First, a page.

Here in the David Owsley Museum of Art:

There is currently four-sided, painted, wooden altar panels being conserved in the West Gallery on the upper floor. If you have visited the museum recently, you have probably seen these panels are noticeably covered with rectangles of Japanese tissue paper. The work is titled, Saint John the Baptist with Saint Lawrence on the reverse; Saint John the Evangelist with Saint Catherine on the reverse, by Marten de Vos and is located near the middle of the West Gallery.

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The paper you see on the paintings is a restorative measure in setting the paint chips back down to the surface of the board it was painted on. When paintings experience a sudden difference in environment, humidity, or other external factors, they can expand and shrink. This movement causes paint to bubble, crackle, or flake. In the case of the de Vos, the paint had started bubbling and flaking. Since conservation is a long process and takes much planning, it is often required to create preventative measures while set times are planned out to restore. Then, painting conservators Michael Ruzga and Linda Witkowski will return to the project and remove the paper in favor of a more long term restoration.

The process entails using a safe, chemically stable substance to adhere the paint back to the panel. The conservators will also look at the varnish to ensure that it is even, clean and matches the other panels. Lastly, sometimes with paintings, conservators will touch up paint with expert color matching skill. However, and the materials used are reversible and can be removed in the future if necessary.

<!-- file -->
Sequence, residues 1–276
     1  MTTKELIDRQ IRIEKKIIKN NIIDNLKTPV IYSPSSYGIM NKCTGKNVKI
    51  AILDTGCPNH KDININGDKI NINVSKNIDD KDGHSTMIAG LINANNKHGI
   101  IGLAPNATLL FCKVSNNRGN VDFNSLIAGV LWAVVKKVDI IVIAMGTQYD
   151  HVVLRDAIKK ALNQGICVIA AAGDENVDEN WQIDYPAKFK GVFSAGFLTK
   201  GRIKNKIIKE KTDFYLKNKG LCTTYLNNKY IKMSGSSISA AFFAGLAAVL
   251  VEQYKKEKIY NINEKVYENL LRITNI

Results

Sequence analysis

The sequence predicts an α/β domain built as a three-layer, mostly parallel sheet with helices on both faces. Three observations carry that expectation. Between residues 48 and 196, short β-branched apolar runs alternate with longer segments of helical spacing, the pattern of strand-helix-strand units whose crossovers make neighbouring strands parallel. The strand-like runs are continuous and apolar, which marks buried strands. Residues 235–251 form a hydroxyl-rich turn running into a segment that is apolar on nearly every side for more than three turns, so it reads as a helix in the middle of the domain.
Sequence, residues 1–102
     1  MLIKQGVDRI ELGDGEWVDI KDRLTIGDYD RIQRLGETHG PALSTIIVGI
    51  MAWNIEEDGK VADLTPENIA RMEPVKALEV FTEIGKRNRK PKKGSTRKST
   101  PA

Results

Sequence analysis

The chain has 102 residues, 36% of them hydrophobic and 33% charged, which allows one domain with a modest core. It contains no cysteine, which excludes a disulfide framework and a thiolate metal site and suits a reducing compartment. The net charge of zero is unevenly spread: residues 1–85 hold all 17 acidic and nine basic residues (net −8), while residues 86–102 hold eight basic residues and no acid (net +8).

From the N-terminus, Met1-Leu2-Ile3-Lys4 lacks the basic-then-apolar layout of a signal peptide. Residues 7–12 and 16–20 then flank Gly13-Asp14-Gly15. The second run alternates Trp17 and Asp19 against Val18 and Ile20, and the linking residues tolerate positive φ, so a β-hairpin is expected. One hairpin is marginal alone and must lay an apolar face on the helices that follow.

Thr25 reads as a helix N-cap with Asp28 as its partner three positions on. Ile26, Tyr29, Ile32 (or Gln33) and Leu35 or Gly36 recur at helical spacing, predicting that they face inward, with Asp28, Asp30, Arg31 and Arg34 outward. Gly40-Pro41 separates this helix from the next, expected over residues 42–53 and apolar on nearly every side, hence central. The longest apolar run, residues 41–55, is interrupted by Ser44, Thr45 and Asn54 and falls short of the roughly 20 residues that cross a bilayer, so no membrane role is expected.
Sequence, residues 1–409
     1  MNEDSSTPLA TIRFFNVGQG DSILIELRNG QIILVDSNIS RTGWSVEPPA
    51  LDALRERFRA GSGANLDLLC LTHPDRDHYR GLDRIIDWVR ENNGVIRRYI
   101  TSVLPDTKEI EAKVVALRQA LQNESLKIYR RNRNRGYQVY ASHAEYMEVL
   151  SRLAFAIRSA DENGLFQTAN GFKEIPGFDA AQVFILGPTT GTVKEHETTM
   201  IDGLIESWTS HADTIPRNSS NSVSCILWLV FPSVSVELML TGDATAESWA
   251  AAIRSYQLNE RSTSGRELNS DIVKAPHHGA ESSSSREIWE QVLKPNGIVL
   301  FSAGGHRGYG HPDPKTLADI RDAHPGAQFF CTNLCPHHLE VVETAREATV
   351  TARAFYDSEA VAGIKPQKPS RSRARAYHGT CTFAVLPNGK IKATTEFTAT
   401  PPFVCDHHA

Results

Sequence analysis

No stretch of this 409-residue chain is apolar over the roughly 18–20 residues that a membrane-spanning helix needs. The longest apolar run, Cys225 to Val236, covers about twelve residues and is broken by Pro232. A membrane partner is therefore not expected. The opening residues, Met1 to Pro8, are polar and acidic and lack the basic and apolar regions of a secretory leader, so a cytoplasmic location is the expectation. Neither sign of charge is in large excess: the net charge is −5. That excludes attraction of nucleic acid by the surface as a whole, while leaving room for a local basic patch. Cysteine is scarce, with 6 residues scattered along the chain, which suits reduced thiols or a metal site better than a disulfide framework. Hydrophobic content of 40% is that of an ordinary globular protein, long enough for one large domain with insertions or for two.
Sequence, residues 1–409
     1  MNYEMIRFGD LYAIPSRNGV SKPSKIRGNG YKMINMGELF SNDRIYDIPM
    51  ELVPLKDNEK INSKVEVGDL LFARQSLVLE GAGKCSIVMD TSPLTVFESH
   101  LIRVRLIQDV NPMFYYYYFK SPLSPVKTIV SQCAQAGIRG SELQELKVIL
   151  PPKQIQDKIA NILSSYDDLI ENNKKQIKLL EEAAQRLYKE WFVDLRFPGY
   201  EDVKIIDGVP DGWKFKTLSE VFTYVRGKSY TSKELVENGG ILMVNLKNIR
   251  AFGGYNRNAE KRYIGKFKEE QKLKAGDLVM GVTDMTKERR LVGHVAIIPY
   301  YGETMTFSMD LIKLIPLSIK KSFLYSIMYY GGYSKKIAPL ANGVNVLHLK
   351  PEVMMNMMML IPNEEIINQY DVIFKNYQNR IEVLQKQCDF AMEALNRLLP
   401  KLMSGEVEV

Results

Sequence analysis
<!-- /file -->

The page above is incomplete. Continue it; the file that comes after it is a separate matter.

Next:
Challenges to conservation:

More pressure comes from societal expectations that a work must remain pristine. This causes conservators to start preserving artworks much sooner than they usually would. For example, conservators must keep in mind if it is ethical to try to maintain a work of ephemeral art that is meant to deteriorate. In a video on contemporary art conservation at the Smithsonian’s Hirshhorn Museum, conservators explained that a piece such as “Fishman,” created in 1969 by Paul Thek, was not created to survive but for the experience of viewing it. The sculpture, created out of latex, has already started falling apart due to the firming nature of latex over time. Conservators question whether it is appropriate to attempt repairing the artwork or whether the experience of viewing it in the moment is more of the objective.

It will be interesting to see how conservators will tackle these new issues in years to come. In the meantime, please stop by DOMA to see how the altar panels evolve. Michael Ruzga and Linda Witkowski will return to work on the panels March 25-March 29, 2017.

Follow DOMA on Twitter and Instagram @domaatbsu.

Observation: Corban Walker

By Breyanne Urbin